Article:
Year

2012

Degree Name

Doctor of Philosophy

Abstract

It has been recognized for decades that the ward atmosphere in which mental health care occurs has an impact on both treatment process and its outcomes. No studies have examined the perception of ward atmosphere in Arabic speaking countries and none that solely examined the perception of ward atmosphere in Jordan; therefore, the purpose of this descriptive non-experimental survey was to investigate the perceptions of ward atmosphere amongst nurses, patients and patients’ relatives in four Jordanian psychiatric hospitals. Purposive sampling was used to recruit 136 nurses, 104 patients and 27 patients’ relatives from AL-Rasheed private hospital, National Centre for Rehabilitation of Addicts (NCRA), Marka Military hospital and National Centre for Mental Health (NCMH).

The study instrument used was the Ward Atmosphere Scale (WAS) which was developed by Moos in 1968 and translated into Arabic by two bilingual translators in 2007. It measured both the Real (actual) and Ideal ward atmosphere. The data were analysed by using SPSS version 15 for windows.

The main findings of this study were that Jordanian patients and relatives were reasonably happy with the current ward atmosphere. However, Jordanian mental health nurses felt that some change was needed as they rated the three subscales of Involvement, Practical Orientation and Order and Organisation statistically significantly lower than patients and relatives. The findings also revealed that relatives and nurses rated the Ideal ward atmosphere significantly higher than patients on all subscales except Autonomy and Order and Organisation. In contrast with Western mental health facilities, comparisons were made which indicated that North American nurses rated significantly higher than the Jordanian nurses in all Real WAS subscales except Staff Control. In addition, the research indicated that North American patients rated significantly higher than the Jordanian patients in Autonomy and Practical Orientation and significantly lower than the Jordanian patients in Anger and Aggression and Staff Control as this was positively influenced by greater staff numbers.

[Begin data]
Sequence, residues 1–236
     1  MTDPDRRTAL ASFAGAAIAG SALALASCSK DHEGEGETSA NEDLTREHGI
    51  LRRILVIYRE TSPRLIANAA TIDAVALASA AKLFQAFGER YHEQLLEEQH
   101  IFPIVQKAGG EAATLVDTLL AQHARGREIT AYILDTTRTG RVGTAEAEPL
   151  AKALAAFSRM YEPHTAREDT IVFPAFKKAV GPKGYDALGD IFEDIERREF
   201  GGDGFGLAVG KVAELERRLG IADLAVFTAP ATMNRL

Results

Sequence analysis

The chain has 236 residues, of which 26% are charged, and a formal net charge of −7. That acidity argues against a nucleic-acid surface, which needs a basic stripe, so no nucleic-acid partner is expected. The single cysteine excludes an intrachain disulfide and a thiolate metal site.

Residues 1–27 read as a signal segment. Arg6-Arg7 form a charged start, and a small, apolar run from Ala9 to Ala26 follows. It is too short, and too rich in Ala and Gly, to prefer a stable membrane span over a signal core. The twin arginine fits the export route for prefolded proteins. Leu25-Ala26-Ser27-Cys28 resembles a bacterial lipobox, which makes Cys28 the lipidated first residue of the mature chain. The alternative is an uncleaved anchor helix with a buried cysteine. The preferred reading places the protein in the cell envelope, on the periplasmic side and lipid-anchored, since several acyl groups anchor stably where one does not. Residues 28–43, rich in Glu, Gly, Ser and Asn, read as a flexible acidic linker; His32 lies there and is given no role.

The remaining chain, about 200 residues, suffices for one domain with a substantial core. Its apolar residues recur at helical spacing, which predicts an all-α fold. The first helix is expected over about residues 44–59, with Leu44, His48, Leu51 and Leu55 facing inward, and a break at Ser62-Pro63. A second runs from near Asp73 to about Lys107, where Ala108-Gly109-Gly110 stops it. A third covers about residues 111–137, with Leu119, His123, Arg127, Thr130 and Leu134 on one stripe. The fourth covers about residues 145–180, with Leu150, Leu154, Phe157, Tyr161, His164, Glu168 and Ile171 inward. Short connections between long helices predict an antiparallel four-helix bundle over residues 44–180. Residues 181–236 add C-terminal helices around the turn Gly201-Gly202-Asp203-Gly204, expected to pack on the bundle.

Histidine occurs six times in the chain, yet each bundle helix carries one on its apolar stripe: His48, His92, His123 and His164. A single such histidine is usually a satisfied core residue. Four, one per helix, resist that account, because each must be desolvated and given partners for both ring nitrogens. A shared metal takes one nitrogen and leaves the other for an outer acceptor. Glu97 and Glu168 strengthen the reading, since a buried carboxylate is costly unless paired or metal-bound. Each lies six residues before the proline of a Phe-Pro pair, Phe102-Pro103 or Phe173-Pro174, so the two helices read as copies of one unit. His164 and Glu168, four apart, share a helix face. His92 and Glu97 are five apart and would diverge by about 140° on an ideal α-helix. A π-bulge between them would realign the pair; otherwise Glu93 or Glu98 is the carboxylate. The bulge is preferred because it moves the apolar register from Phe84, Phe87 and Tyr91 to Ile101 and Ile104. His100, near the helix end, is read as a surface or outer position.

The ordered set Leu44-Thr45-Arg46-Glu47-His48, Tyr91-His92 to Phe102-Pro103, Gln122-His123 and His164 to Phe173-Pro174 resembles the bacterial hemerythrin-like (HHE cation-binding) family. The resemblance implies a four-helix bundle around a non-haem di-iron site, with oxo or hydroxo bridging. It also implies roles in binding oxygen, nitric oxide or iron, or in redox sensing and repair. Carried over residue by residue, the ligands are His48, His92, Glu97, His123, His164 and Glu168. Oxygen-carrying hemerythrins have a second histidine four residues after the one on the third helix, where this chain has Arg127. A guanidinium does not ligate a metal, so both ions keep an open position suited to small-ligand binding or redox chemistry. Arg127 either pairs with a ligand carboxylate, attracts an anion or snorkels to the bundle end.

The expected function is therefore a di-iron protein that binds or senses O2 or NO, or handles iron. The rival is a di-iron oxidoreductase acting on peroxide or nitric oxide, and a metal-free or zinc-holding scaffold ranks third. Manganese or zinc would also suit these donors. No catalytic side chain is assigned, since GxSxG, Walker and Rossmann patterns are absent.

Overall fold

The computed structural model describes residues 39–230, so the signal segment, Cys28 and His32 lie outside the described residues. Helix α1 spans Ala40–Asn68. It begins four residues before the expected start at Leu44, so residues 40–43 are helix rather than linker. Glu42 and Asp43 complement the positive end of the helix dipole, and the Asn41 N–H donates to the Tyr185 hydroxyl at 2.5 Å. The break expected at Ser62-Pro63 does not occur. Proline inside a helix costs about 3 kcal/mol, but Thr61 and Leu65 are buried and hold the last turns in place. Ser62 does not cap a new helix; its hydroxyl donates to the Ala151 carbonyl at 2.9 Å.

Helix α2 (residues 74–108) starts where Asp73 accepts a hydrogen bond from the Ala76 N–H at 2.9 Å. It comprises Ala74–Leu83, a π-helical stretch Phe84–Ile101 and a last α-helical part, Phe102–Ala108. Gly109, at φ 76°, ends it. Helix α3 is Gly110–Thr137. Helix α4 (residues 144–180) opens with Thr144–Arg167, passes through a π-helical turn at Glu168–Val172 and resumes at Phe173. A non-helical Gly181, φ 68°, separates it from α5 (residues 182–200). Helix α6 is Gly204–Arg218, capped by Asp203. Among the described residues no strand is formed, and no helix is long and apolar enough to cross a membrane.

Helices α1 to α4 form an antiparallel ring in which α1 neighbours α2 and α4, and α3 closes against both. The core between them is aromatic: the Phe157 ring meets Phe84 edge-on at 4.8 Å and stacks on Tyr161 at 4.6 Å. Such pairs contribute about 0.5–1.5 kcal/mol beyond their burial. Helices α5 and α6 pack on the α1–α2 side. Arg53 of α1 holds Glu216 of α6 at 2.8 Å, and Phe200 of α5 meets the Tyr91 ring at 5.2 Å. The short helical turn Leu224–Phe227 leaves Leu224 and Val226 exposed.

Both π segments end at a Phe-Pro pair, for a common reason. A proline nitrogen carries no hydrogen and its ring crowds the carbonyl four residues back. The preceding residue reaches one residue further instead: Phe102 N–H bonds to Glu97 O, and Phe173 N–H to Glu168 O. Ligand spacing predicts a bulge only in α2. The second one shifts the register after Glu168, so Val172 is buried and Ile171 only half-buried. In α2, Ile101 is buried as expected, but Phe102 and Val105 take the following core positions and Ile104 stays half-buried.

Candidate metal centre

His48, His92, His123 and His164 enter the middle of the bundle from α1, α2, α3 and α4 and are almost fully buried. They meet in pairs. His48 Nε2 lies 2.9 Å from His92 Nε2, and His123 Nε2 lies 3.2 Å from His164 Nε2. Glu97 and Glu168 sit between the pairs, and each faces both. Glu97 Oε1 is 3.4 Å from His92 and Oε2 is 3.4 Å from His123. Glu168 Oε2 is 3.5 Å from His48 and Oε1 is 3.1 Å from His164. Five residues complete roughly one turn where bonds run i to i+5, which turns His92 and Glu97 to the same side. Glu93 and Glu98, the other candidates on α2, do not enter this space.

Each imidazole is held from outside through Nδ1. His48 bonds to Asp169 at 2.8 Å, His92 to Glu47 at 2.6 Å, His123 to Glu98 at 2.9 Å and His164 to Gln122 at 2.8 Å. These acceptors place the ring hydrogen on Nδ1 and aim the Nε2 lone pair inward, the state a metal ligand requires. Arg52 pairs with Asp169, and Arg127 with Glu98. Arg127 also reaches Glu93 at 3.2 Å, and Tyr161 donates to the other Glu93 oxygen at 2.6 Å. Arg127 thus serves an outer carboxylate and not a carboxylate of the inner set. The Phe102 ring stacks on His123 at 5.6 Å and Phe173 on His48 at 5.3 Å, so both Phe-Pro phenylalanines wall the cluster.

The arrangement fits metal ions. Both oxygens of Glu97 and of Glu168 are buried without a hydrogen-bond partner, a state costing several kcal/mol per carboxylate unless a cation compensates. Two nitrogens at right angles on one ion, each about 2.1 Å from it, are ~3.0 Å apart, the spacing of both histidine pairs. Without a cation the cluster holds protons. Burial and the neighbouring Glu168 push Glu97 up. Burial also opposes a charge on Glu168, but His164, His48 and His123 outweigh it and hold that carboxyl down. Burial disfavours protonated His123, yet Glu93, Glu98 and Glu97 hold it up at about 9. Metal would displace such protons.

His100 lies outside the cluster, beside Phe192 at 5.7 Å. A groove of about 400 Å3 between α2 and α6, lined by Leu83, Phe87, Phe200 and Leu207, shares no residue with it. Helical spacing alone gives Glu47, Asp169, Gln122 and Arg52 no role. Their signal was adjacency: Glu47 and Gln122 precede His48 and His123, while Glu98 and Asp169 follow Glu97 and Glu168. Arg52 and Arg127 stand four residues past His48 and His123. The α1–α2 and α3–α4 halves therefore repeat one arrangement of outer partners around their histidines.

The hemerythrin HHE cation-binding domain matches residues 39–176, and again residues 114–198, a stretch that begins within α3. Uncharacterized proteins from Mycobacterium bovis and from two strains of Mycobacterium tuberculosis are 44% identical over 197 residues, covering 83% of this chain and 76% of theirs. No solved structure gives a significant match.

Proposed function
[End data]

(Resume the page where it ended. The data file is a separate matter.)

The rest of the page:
Finally, all of the demographic variables tested in the current study were found to have no impact on the perceptions of ward atmosphere. This was true for nurses, patients and relatives but hospital ownership appeared to have an impact on ward atmosphere perceptions.

The findings of the current study conclude that it was the quality of service and the actual operational system of the hospital that directed the participants’ perceptions of ward atmosphere. In order to improve the ward atmosphere in Jordanian psychiatric hospitals, recommendations with regard to Jordanian mental health services, mental health nursing practice and mental health nursing education were made.

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